Close sites icon close
Search form

Search for the country site.

Country profile

Country website

More than 30,000 flee Côte d'Ivoire for Liberia, Guinea

More than 30,000 flee Côte d'Ivoire for Liberia, Guinea

As fighting continues in western Côte d'Ivoire, tens of thousands of people have left for neighbouring Liberia and Guinea. At the same time, the conflict has cut off UNHCR's contacts with over 45,000 refugees in the Ivorian areas of Man and Danané.
6 December 2002
Liberian refugees in Danane, who form the majority of the over 45,000 refugees in western Côte d'Ivoire cut off from UNHCR due to the fighting.

DANANE, Côte d'Ivoire, December 6 (UNHCR) - Continued fighting in Côte d'Ivoire has driven more than 30,000 people into Liberia and Guinea in the last week, and caused the UN refugee agency to lose contact with more than 45,000 refugees in western Côte d'Ivoire.

Since fighting broke out last week in western Côte d'Ivoire's Man and Danané areas, at least 27,000 people have fled into neighbouring Liberia through 12 border crossing points. More returnees of Liberian origin may have reached their final destinations without being officially registered.

"It certainly took us by surprise," said Moses Okello, UNHCR Representative in Liberia, "because our scenarios were based on the prevailing situation of one rebel movement taking up arms in Côte d'Ivoire and negotiating with the government. We could not have foreseen the emergence of new movements and new pockets of fighting as was seen last week in the west of the country."

Among those registered, most were Liberians rushing home to escape the violence, with more than 2,600 Ivorian nationals joining them. To ease the build-up at the border, UNHCR in Liberia has sent 23 trucks there to move the new arrivals to safety. Most of the new arrivals are heading for eastern Liberia's counties of Nimba, Grand Gedeh and Bong.

"At this point, apart from providing essential water, health and shelter services, we are concentrating on our transport capacity," said Okello. "We also get many requests from people asking to be transported to Nimba and Lofa counties. Some are joining relatives in Monrovia."

For others who have nowhere to go, UNHCR will have to look for longer-term solutions. The agency has already set up three transit centres in Nimba and Grand Geddeh counties and is negotiating for a fourth one, further south in Mariland county.

According to Okello, among the new arrivals are people of mixed nationalities. "We have 78 Sierra Leoneans who are being taken to Monrovia today for repatriation, as well as 73 Guineans who will be assisted home. There are also small numbers of people of other origins, such as Ghanaians, Nigerians and even two Americans who lived in the troubled region and had to flee along with the others."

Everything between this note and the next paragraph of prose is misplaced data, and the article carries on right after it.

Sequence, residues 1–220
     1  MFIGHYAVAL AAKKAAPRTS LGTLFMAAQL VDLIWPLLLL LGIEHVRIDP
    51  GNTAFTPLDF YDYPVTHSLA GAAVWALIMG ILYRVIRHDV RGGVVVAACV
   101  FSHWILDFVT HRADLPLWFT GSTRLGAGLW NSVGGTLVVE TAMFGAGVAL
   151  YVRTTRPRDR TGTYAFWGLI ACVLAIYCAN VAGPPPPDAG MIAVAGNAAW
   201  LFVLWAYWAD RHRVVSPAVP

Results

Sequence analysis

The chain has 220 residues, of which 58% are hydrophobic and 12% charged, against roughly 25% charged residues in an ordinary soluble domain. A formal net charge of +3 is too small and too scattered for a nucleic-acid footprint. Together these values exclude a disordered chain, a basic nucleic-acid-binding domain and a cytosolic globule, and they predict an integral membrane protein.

UNHCR's limited resources in the region, already stretched this year by the influx of 90,000 new Liberian refugees fleeing conflict at home and a massive return operation to Sierra Leone, are affecting its ability to cope with the current emergency. The agency can only distribute domestic items to specifically vulnerable cases and its staff are facing exhaustion. UNHCR recently appealed for $6.1 million to cover emergency needs for the first three months of the Ivorian crisis, and the money is urgently needed to help set up regional stocks in Ghana and deploy more emergency staff.

In Guinea, some 2,800 people fleeing Côte d'Ivoire have been registered at border crossings since last Friday. They include 1,151 Guineans, 853 Ivorians and 741 Liberians. Most are in Lola prefecture, just across from the western Ivorian areas of Man and Danané, where fighting is still raging. The recent arrivals are reported to be very tired, some having walked six to seven days. They are currently staying near the border in temporary shelters or with host families. UNHCR is working to transfer them to Nonah transit centre and Lainé camp near Nzérékoré as soon as possible.

Meanwhile, back in western Côte d'Ivoire, the refugee agency has lost contact with the remaining Liberian refugees hosted there - 45,000 before the exodus - as telephone lines have been cut and access to fighting zones forbidden. As such, the agency has no way of finding out the condition of these refugees.